Of course, I started things off with “false bottom” of coarsely ripped up corrugated cardboard.
This provides the worms with a “fresh” habitat zone they can gradually start moving into. The cardboard was added dry, but I poured some water down into the bottom – the cardboard will gradually wick a lot of this up, and will also absorb moisture that makes its way down from above.
Transferring over the material from the “vermi-terrarium” was pretty straightforward. I did bury most of the plants so as to help ensure they would break down more quickly, but other than that is was basically just a grab and toss operation.
My apologies for some of these terrible photos. Truth by told, my good mobile device recently conked out on me so I’m currently using an older device with a broken camera. Close-ups seem to work OK, but regular shots need to be taken in “selfie” mode (yep, a rather interesting manoever when not actually including yourself in the shot – hahaha).
Once everything was moved over to the new bin, I added a bit more water then closed ‘er up! I think I can already hear the worms singing in their new home!
I’m excited to see how things develop in the new worm bin…but guess what? I’m even MORE excited for my next hybrid system experiment (once back from holidays)!
Seeing just how prolific the growth of sunflower seedlings was in the worm zone of the tray system – and how well the kale performed – it made me realize this old fridge drawer could likely serve as a pretty awesome “bottomless” microgreens garden.
This time around, the designated worm habitat will actually be a smaller zone (similar in size to the plant zone in the previous system) positioned at the back, and the front of the tray will be the plant (sunflower greens, mostly) zone. Worms will of couse still move around wherever they want – and over time their available habitat will definitely expand – but the main focus will be greens growing in the front.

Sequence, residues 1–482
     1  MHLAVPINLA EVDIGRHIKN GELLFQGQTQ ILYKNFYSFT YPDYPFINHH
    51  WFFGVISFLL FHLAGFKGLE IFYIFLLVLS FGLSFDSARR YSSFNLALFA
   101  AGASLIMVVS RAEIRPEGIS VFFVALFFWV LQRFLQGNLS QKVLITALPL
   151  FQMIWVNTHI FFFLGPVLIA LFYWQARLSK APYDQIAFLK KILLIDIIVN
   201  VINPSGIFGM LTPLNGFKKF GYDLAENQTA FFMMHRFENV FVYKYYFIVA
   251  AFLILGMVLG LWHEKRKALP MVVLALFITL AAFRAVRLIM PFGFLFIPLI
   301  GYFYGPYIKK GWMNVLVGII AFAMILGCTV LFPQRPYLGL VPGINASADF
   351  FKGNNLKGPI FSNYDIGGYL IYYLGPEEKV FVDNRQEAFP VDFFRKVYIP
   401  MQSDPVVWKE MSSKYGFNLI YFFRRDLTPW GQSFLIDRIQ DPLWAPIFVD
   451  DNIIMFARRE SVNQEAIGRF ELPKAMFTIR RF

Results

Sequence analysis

Stay tuned – it’s going to be a fun one!
Worms in Microgreens Trays?
Worms in Microgreens Trays – Update
Vermi-Terrarium – 06-13-22
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I was looking for this text box and I obviously didn’t scroll far enough.
I copied your idea and dumped all my old seeds into my two bins. I also (planted) some sprouted potatoes. I will send pictures later.
Sounds great, Lorraine – I look forward to your updates!
I’ve been running a similar microgreens/worm tray, but with no specific worm zone – the worms just live in my potting mix (coir, perlite, vermicompost) very happily. Residual nutrients from the vermicompost plus any dead roots/dead seeds seem to be enough to keep them going, then once I’ve harvested the microgreens they have lots of old roots/stumps to munch on before I re-sow again on top. They’ve gone a couple of rounds now, and I suspect there are more worms than I originally put in there, and certainly they are a lot bigger (I started with juveniles)! My theory is I’ll be able to keep this going for quite a while without any fungal disease, adding a bit of vermicompost on top each time to top up nutrients removed with the microgreens harvest, because the worms will eat any fungus or dead plant tissue quickly. I’m excited to see how your experiment goes, and I’ll try to keep you updated on mine :-).